“As women, it’s always great for us to earn our seat in the boardroom. What is not good is when we are a token placement because we are female. I am a firm believer in meritocracy, so if you are good and you have got what it takes from a skills or qualification  standpoint, then you should be given an opportunity to be in that boardroom as much as a man should be. But it should not be because they need to make up a quota. That is not satisfying; we want to earn that place.”

But do quotas become necessary when it comes certain biases against women. For example, when a woman reaches a certain age and she may be likely to take maternity leave – are they not required to ensure a woman is not overlooked or cast aside?

“Instead of fixing a statistic to make ourselves feel better that we are giving all women an equal opportunity, a better way would be to facilitate and support women who are going through a certain stage of their life. If they are in their late 20s or early 30s – the age when they are going to start having kids or will have young children who need a lot of work – for example. I have two young children and I think what benefited me the most was the flexibility shown by my boss, if I needed to leave early or work from home.

“As long as I delivered the work, then they were flexible with me. My company at that time was not focused on seeing me at 8.30am in the office. Because of that flexibility, my performance never dropped and hence I as on a level playing field with male colleagues fighting for a place in the boardroom. However, if the support system is not there, then most women are not able to perform as well.”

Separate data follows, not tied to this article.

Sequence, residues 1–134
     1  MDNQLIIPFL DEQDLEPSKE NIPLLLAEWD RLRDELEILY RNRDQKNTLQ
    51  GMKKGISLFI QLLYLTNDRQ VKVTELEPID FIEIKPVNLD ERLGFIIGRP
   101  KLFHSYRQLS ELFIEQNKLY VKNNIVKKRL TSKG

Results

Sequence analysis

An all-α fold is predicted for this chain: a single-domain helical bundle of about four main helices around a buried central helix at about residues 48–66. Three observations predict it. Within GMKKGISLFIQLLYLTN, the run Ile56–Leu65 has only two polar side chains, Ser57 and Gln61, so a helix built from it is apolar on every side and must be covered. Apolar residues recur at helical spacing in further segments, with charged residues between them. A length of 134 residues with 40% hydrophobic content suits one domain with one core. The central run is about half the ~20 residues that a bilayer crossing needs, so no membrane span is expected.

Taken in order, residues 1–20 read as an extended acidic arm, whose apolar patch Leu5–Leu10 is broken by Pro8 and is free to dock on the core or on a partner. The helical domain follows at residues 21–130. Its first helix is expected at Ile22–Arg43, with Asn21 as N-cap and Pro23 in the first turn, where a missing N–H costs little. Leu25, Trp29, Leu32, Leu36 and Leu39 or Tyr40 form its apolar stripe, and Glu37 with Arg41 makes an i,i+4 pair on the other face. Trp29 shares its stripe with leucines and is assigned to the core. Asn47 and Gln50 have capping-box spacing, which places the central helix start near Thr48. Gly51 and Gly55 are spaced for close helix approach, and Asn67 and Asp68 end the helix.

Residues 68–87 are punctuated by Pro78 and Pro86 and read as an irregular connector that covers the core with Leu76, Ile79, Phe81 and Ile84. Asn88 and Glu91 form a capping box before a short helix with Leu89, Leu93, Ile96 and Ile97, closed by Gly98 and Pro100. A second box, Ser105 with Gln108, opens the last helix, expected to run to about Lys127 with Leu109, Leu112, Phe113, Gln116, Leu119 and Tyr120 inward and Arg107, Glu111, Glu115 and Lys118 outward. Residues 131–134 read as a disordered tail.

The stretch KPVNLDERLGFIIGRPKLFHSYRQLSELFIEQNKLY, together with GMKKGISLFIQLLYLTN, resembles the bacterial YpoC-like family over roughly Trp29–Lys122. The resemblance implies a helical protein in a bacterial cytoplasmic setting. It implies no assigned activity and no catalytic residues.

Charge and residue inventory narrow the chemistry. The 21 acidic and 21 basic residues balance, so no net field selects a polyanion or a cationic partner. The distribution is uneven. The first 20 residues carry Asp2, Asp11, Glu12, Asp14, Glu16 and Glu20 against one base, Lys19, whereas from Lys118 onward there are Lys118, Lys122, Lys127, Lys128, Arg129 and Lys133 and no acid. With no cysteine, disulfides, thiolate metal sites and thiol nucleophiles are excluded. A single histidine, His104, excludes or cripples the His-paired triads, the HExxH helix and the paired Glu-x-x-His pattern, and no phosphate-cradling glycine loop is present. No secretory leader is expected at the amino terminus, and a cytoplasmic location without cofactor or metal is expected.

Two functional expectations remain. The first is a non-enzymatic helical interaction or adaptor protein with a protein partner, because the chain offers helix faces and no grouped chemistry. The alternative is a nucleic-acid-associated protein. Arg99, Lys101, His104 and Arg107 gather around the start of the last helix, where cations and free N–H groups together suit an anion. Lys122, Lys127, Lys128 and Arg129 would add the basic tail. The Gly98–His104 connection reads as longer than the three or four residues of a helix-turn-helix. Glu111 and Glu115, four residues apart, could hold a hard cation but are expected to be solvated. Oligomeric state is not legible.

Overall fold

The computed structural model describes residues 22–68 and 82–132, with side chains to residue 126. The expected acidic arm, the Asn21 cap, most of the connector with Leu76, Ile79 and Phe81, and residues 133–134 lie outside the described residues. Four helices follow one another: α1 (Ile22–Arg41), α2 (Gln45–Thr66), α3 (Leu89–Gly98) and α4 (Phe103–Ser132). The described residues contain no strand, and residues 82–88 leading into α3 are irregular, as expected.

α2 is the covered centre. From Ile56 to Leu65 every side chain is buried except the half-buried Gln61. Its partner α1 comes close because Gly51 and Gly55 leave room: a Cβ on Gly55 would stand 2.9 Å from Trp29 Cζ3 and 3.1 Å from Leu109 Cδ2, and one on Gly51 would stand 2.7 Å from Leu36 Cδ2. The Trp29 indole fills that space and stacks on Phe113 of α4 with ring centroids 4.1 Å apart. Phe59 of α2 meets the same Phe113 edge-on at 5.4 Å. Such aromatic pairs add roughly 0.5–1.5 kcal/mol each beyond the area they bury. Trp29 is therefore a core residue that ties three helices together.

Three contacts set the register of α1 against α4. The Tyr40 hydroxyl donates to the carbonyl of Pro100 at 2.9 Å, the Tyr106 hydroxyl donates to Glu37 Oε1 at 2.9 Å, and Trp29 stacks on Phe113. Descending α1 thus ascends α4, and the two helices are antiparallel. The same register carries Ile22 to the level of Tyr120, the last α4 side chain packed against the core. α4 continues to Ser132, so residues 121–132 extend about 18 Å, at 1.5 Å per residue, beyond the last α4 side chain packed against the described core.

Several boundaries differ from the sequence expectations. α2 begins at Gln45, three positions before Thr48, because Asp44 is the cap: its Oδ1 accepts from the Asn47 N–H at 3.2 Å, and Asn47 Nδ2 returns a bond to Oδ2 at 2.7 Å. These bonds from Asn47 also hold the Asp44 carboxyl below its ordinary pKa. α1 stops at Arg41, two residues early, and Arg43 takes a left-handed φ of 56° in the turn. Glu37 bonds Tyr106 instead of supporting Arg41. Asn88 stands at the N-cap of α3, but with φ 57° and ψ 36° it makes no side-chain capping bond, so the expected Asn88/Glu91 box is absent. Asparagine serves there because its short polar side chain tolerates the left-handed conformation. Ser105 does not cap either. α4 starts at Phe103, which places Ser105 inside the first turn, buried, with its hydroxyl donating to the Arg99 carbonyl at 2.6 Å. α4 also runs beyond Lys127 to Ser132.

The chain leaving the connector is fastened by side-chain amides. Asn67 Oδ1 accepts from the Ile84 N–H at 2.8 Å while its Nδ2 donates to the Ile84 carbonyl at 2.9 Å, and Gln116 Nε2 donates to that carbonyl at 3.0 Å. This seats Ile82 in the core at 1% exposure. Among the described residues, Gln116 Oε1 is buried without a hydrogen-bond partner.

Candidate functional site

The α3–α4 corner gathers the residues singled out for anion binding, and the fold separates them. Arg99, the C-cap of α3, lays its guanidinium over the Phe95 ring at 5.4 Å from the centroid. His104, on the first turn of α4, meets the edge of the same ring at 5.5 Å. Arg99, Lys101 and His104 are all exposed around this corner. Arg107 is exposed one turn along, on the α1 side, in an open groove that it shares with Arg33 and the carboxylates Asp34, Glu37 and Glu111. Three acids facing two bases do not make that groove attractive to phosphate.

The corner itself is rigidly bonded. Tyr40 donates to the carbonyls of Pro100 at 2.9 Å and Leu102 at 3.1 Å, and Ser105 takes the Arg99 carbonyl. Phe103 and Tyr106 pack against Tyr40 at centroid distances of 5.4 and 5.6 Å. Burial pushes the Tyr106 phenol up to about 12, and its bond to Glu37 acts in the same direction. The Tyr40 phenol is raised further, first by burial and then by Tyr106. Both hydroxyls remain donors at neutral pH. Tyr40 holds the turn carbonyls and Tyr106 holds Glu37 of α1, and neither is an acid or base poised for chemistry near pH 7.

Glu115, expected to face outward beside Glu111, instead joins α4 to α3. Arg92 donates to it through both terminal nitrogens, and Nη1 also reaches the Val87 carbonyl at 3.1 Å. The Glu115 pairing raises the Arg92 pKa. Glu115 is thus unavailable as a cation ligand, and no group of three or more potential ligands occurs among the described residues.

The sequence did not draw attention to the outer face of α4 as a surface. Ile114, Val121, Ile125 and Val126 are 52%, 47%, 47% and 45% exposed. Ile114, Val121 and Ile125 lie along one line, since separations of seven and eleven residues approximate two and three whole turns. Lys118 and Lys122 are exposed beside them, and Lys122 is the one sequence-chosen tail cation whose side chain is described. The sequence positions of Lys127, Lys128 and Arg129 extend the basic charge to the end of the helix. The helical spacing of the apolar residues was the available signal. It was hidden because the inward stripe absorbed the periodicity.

Are there specific work programmes in place at Havas Media – soon to be just Havas – that actively help women climbs up the ladder?

“Basically a lot of our talent development programmes are about nurturing the next generation of leaders who will be succeeding us. But we are hoping to work with HR and create a lot more structured programmes for just women.

“As I and a lot of my directors are working mums, often with young children, I absolutely understand the need to find the right work-home balance. They are some of the most driven, combative, hard-working people I have ever worked with. It’s amazing how they will never miss an important day for their children, but never compromise their work whatsoever.”

On a final note, following the news of Havas Group’s global restructure and the merger between media and creative divisions, do you foresee any changes to your current role? And where do you see the industry going in terms of the merging of media and creative? Will that become the norm?

“A media person today cannot say they do not understand creative and a creative person cannot say they do not understand media because the clients see it as one integrated, holistic service. They see it as one campaign or one big idea and it needs to be supported by strong media, strong creative and strong insights. It should be seamless.

“Clients will have the choice to work with Havas as a whole or some will still have creative agencies and just continue to work with us on media – or vice-versa. That already happens and that will not stop. It’s certainly going to be an interesting time.”